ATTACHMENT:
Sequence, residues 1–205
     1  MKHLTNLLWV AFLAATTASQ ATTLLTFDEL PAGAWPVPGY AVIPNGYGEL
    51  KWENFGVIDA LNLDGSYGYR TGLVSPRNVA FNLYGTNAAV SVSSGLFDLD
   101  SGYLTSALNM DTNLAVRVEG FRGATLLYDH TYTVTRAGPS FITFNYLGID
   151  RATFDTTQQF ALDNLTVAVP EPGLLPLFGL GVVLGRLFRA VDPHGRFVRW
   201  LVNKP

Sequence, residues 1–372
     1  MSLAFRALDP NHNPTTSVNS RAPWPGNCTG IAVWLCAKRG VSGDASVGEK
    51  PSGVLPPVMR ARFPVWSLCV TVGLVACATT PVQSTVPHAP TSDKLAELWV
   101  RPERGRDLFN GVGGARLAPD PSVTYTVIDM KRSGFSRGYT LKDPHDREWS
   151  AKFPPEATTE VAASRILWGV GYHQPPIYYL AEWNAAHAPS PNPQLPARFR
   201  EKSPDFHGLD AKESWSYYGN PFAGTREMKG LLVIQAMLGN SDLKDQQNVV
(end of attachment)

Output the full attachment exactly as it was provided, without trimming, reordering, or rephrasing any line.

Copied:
Sequence, residues 1–205
     1  MKHLTNLLWV AFLAATTASQ ATTLLTFDEL PAGAWPVPGY AVIPNGYGEL
    51  KWENFGVIDA LNLDGSYGYR TGLVSPRNVA FNLYGTNAAV SVSSGLFDLD
   101  SGYLTSALNM DTNLAVRVEG FRGATLLYDH TYTVTRAGPS FITFNYLGID
   151  RATFDTTQQF ALDNLTVAVP EPGLLPLFGL GVVLGRLFRA VDPHGRFVRW
   201  LVNKP

Sequence, residues 1–372
     1  MSLAFRALDP NHNPTTSVNS RAPWPGNCTG IAVWLCAKRG VSGDASVGEK
    51  PSGVLPPVMR ARFPVWSLCV TVGLVACATT PVQSTVPHAP TSDKLAELWV
   101  RPERGRDLFN GVGGARLAPD PSVTYTVIDM KRSGFSRGYT LKDPHDREWS
   151  AKFPPEATTE VAASRILWGV GYHQPPIYYL AEWNAAHAPS PNPQLPARFR
   201  EKSPDFHGLD AKESWSYYGN PFAGTREMKG LLVIQAMLGN SDLKDQQNVV